To help celebrate National Volunteers’ Week, this is the latest in a series of blogs to promote the work of volunteers at The National Archives cataloguing the series of records WO 416. This series consists of record cards of over 200,000 British and Allied prisoners of war and civilian internees captured in German-occupied territory during the Second World War.
The project expects to complete in Spring 2023. Other fascinating stories identified by volunteers since the project started in 2017 can be found here. Katrina is one of 22 volunteers working on the project and we are grateful for all of their efforts.
Any soldier, airman or sailor captured by the Germans during the Second World War may have felt his war was over. After all, prisoners of war (PoWs) were protected by the Geneva Convention. They were wrong. While standards in the PoW camps never sank to the horrors of the concentration camps, they often failed to meet the standards set out in the Convention. In reality, PoWs were embarking on another battle – the battle to survive.
You can glimpse this in the WO 416 series of records. It consists of record cards made by the Germans for Allied PoWs held in ‘stalags’ – PoW camps in German-held territory during the Second World War. For many, there is just one registration card with name, date of birth, rank, nationality, sometimes when and where captured, whether injured or not, and which camps they were sent to, including work camps (Other Ranks were obliged to work). On the reverse of the card was a section on immunisations such as smallpox and typhus, and other medical treatment. Often these reverse sections were not completed. Instead there were smaller pink medical cards, outlining any treatment, and when and where it took place. For some unfortunate PoWs, the cards also record that they died at the camp or at a military hospital.
These records provide a glimpse into the health problems and medical treatment available to Allied PoWs. A huge proportion of PoWs were captured in the retreat to Dunkirk in 1940. This included many injured soldiers who could not be moved, and often with them the brave orderlies and doctors, who gave up their chance of escape to stay with them.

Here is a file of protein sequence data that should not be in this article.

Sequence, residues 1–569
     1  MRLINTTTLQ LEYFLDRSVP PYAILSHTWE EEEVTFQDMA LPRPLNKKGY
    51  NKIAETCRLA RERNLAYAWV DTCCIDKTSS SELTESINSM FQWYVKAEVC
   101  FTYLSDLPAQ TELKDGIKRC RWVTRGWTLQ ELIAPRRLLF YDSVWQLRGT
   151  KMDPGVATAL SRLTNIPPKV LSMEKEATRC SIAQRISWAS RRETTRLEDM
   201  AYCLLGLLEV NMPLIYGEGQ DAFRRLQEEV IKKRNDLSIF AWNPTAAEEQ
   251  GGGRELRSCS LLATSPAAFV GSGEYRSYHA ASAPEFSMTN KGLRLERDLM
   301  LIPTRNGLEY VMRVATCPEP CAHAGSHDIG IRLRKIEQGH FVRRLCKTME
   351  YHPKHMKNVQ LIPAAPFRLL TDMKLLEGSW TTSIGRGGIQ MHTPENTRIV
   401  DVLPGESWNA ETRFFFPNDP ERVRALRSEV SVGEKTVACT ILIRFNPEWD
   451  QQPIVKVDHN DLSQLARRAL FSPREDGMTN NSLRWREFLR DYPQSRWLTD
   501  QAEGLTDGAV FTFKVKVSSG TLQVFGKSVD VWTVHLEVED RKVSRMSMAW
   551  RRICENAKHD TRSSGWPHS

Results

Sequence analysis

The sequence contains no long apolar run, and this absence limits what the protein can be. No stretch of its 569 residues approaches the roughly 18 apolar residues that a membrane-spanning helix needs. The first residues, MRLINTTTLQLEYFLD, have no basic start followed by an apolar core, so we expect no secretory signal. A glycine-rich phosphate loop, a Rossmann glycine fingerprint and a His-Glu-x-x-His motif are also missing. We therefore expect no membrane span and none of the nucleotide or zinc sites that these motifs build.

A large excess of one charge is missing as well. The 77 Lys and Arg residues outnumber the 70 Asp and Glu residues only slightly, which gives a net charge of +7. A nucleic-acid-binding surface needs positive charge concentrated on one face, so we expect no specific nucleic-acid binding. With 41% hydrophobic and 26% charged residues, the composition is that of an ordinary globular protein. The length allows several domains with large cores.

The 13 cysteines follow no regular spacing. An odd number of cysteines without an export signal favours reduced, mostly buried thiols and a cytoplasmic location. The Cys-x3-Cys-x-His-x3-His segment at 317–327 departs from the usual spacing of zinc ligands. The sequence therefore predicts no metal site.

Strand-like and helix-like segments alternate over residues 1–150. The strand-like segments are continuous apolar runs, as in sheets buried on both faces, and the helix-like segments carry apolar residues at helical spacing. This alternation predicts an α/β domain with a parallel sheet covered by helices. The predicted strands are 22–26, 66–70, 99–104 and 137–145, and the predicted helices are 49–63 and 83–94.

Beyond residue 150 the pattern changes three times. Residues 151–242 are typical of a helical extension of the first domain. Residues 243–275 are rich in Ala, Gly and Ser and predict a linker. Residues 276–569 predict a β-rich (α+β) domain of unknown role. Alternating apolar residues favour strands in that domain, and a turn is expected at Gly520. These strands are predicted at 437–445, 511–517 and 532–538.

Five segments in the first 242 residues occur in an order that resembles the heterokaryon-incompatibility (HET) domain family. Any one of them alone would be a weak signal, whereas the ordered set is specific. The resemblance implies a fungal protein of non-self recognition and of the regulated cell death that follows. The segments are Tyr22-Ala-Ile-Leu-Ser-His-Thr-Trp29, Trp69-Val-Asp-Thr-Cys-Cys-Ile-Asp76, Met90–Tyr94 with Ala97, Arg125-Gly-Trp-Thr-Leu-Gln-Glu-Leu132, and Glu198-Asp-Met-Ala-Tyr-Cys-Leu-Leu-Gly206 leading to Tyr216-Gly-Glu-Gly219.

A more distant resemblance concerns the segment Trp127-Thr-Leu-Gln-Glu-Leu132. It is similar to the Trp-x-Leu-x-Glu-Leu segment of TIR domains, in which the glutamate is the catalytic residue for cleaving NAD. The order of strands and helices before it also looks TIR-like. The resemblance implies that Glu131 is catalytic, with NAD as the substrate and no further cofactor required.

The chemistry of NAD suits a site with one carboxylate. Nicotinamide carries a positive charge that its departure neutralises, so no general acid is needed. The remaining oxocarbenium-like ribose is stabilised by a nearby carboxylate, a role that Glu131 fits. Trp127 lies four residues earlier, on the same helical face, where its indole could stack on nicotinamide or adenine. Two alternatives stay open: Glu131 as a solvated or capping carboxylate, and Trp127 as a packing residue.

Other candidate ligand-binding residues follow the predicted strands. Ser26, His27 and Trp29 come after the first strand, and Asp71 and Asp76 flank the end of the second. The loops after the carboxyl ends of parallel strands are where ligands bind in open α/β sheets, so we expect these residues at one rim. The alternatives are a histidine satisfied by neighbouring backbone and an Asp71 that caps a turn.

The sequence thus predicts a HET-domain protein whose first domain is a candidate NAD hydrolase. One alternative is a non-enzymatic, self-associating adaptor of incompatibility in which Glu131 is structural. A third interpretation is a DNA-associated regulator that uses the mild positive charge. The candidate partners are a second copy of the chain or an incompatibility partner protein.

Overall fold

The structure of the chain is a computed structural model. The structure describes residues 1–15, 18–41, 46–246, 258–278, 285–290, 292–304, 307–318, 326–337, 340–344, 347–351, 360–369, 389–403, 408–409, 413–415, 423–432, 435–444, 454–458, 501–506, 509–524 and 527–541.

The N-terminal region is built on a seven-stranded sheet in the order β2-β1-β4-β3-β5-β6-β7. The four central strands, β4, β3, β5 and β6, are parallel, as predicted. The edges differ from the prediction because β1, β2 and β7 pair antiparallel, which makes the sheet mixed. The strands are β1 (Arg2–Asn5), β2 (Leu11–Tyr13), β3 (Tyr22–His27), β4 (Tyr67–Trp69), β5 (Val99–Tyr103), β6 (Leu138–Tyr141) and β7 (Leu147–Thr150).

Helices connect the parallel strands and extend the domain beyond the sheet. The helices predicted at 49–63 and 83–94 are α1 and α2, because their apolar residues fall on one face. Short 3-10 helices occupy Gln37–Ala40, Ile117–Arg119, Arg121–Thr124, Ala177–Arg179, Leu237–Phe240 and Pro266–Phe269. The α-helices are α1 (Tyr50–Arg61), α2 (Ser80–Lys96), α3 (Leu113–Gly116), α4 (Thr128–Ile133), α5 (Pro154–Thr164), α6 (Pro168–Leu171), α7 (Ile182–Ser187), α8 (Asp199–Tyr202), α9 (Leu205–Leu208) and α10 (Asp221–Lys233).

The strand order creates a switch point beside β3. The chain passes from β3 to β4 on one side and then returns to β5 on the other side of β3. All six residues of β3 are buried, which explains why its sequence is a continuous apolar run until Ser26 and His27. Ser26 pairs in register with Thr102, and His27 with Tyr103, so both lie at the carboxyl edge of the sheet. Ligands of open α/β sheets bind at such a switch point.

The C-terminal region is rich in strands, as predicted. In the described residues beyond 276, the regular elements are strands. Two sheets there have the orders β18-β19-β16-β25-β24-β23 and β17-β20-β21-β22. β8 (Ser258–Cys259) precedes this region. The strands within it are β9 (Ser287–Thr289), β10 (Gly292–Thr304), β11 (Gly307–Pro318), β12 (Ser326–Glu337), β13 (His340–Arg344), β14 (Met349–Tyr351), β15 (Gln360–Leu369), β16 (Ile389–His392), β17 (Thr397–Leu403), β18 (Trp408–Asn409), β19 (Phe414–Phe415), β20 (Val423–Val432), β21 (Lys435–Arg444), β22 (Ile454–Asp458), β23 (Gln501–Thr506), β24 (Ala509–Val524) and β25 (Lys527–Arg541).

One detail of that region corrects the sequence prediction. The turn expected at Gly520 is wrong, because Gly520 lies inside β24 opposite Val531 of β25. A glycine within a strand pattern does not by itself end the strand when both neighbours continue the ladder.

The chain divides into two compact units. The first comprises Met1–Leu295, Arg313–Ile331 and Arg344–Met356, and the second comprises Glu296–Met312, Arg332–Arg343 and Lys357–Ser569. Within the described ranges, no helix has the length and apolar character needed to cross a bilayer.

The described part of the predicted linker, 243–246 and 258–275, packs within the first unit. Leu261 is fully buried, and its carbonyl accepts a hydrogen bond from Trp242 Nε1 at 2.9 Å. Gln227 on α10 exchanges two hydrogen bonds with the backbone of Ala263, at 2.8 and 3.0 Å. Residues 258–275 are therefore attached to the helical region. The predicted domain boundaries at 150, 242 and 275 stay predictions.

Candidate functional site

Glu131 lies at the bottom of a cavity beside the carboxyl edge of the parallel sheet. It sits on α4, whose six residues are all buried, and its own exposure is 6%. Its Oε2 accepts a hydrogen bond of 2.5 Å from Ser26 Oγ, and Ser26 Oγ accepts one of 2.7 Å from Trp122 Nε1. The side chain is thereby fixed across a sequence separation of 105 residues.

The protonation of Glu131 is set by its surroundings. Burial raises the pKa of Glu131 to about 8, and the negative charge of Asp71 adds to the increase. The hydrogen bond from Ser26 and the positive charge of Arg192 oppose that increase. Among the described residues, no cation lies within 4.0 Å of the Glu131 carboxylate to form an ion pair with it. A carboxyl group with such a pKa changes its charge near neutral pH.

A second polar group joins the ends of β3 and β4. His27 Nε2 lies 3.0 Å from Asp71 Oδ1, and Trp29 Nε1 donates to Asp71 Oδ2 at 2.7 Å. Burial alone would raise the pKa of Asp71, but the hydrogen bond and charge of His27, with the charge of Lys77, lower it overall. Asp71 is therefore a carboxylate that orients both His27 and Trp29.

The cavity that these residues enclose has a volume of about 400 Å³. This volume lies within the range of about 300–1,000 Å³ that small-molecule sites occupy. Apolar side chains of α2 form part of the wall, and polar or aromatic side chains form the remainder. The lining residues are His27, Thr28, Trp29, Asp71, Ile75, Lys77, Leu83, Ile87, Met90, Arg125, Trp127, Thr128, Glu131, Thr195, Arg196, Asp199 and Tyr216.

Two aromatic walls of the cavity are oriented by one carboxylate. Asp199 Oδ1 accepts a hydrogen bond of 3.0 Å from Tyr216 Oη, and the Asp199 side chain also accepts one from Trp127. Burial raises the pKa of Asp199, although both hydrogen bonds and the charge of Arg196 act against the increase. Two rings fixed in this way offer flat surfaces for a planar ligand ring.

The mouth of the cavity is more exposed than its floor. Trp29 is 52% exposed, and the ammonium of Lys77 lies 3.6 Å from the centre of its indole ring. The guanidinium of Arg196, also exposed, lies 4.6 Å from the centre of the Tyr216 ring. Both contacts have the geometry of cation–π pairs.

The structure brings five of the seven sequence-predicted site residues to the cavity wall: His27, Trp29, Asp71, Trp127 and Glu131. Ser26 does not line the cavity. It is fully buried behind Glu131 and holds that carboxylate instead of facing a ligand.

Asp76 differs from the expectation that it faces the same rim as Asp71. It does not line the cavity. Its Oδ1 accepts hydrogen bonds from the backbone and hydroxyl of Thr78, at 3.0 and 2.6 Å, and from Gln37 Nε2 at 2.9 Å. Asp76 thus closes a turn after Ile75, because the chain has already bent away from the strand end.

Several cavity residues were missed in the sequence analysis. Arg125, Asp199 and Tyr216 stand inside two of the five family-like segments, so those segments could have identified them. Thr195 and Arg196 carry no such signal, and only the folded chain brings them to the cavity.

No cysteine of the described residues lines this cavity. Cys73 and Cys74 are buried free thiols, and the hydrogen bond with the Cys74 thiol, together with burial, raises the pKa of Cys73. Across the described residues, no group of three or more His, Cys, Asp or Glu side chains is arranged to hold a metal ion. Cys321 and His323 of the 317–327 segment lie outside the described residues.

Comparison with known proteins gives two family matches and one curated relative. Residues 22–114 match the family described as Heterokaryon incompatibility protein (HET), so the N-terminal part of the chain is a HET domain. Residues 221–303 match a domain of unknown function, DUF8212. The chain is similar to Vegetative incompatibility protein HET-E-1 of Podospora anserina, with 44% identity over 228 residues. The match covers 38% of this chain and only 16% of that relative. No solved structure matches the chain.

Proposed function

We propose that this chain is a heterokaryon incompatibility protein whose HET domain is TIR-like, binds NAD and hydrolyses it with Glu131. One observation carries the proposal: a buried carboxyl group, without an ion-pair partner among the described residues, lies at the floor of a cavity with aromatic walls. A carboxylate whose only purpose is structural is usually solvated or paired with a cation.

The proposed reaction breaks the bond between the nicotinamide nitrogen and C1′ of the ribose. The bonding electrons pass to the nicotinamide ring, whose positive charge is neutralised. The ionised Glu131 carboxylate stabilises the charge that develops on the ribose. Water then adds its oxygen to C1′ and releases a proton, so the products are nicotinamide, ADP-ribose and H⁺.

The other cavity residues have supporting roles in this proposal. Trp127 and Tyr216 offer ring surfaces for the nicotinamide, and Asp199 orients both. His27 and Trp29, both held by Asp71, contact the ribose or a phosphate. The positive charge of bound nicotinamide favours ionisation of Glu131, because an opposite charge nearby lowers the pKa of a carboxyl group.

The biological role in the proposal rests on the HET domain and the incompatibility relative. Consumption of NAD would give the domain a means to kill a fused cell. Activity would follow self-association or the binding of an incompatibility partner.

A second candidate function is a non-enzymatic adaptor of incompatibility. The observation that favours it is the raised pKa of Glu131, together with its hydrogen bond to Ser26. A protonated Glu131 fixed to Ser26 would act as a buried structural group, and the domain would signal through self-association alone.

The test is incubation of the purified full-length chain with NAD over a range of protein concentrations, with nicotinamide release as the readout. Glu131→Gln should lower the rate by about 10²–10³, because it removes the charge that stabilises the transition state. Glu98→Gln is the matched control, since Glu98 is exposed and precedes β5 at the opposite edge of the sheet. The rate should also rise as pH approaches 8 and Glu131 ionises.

Those who were unable to march were transported from the Front straight to a military hospital (Lazarett). Likewise, airmen shot down, if still alive, might be moved first to hospital before prison camp. The pink cards record their injuries such as shrapnel wounds, gunshot wounds, broken limbs and so on.
Treatment would have been rudimentary: by 1943, the Allies had established that penicillin was much more effective at preventing infection than the widely-used sulphonamide powder and had none of the toxic side-effects. This was not known to the Germany military – ironically one of the penicillin researchers was a German Jew who had fled Germany. So unfortunately, Allied POWs were more at risk from death from infections than injured men who were not captured by the Germans.
In 1940, those not treated in hospitals, including ‘walking wounded’ were force-marched with little food or water and then crammed into cattle trucks for long periods before arrival in a camp. Accounts of life in camps suggest that they were overcrowded and insanitary, although officers were better treated than other ranks. The journey itself and conditions in camp led to illness. Before Red Cross parcels became available, a combination of poor sanitation, overcrowding, fleas, lice and malnutrition led to illness and deaths from dysentery, jaundice, infections and other diseases. The cards of Allied medical orderlies were often marked with the words ‘San’ for ‘Sanitäter’: the German term reflected German military medical practice at the time, which focused on the role of sanitation.